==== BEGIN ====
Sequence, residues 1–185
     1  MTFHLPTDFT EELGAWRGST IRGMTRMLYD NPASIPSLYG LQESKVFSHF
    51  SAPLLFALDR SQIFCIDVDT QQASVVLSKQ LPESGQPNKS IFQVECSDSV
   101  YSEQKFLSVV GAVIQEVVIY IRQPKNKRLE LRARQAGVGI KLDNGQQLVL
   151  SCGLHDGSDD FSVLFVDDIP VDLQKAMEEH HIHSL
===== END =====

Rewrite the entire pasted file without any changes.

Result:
Sequence, residues 1–185
     1  MTFHLPTDFT EELGAWRGST IRGMTRMLYD NPASIPSLYG LQESKVFSHF
    51  SAPLLFALDR SQIFCIDVDT QQASVVLSKQ LPESGQPNKS IFQVECSDSV
   101  YSEQKFLSVV GAVIQEVVIY IRQPKNKRLE LRARQAGVGI KLDNGQQLVL
   151  SCGLHDGSDD FSVLFVDDIP VDLQKAMEEH HIHSL